Swallow Studies, Tube Feeding, and the Death Spiral

  • David E Weissman MD

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Introduction    The reflex by families and doctors to provide nutrition for the patient who cannot swallow is overwhelming.  It is now common practice for such patients to undergo a swallowing evaluation and if there is significant impairment to move forward with feeding tube placement (either nasogastric or gastrostomy) – see Fast Fact #128.  Data suggest that in-hospital mortality for hospitalizations in which a feeding tube is placed is 15-25%, and one year mortality after feeding tube placement is 60%.  Predictors of early mortality include:  advanced age, CNS pathology (stroke, dementia), cancer (except early stage head/neck cancer), disorientation, and low serum albumin.

The Tube Feeding Death Spiral    The clinical scenario, the tube feeding death spiral, typically goes like this:

  1. Hospital admission for complication of “brain failure” or other predictable end organ failure due to primary illnesses (e.g. urosepsis in setting of advanced dementia).
  2. Inability to swallow and/or direct evidence of aspiration and/or weight loss with little oral intake.
  3. Swallowing evaluation followed by a recommendation for non-oral feeding either due to aspiration or inadequate intake.
  4. Feeding tube placed leading to increasing “agitation” leading to patient-removal or dislodgement of feeding tube.
  5. Re-insertion of feeding tube; hand and/or chest restraints placed.
  6. Aspiration pneumonia.
  7. Intravenous antibiotics and pulse oximetry.
  8. Repeat 4 – 6 one or more times.
  9. Family conference.
  10. Death.

Note: at my institution, the finding of a dying patient with a feeding tube, restraints, and pulse oximetry is known as Weissman’s triad. 


  • Recognize that the inability to maintain nutrition through the oral route, in the setting of a chronic life-limiting illness and declining function, is usually a marker of the dying process. Discuss this with families as a means to a larger discussion of overall end of life goals.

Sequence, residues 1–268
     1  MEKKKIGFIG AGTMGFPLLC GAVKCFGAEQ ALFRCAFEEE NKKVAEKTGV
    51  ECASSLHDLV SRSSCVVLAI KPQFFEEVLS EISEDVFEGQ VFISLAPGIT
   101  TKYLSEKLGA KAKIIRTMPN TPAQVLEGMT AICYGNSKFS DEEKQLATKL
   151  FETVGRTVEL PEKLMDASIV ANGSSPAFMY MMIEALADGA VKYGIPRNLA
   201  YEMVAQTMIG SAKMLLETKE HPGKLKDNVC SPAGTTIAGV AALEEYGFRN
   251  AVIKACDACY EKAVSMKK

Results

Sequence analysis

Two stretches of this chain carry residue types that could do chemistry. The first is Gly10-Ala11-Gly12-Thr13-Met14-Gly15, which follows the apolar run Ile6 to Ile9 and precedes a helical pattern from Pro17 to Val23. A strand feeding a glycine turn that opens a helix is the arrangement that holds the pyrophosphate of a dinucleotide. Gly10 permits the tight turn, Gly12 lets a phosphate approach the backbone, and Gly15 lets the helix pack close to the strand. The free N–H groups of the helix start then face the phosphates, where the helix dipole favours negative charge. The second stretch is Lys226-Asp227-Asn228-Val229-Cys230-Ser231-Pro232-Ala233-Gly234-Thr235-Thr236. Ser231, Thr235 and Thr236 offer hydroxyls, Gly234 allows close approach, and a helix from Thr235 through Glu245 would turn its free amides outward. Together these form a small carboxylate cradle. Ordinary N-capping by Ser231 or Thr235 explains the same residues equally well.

• Ensure that your colleagues are aware of the key data and recommendations on tube feedings (see Fast Fact #10).
  • Ensure there is true informed consent prior to feeding tube insertion—families must be given alternatives (e.g. hand feeding, comfort measures) along with discussion of goals and prognosis.
  • Assist families by providing information and a clear recommendation for or against the use of a feeding tube.  Families who decide against feeding tube placement can be expected to second guess their decision and will need continued team support.
  • If a feeding tube is placed establish clear goals (e.g. improved function) and establish a timeline for re-evaluation to determine if goals are being met (typically 2-4 weeks).


  1. Finucane TE, et al. Tube feeding in patients with advanced dementia.  JAMA. 1999; 282:1365-1369. 
  2. Finucane TE, Bynum JP. Use of tube feeding to prevent aspiration pneumonia. Lancet. 1996; 348:1421-24. 
  3. Cowen ME et al. Survival estimates for patients with abnormal swallowing studies. JGIM. 1997; 12:88-94. 
  4. Rabeneck L, et al. Long term outcomes of patients receiving percutaneous endoscopic gastrostomy tubes. JGIM. 1996; 11:287-293.
  5. Grant MD, et al. Gastrostomy placement and mortality among hospitalized Medicare beneficiaries.  JAMA. 1998; 279:1973-1976.
  6. Mitchell SL.  Clinical Crossroads: a 93-year-old man with advanced dementia and eating problems.  JAMA. 2007; 298:2527-2536.
  7. Cervo FA, Bryan L, Farber S.  To PEG or not to PEG. A review of evidence for placing feeding tubes in advanced dementia and the decision-making process.  Geriatrics. 2006; 61:30-35.

Version History:  This Fast Fact was originally edited by David E Weissman MD. 2nd Edition was edited by Drew A Rosielle MD and published October 2007; 3rd Edition June 2015.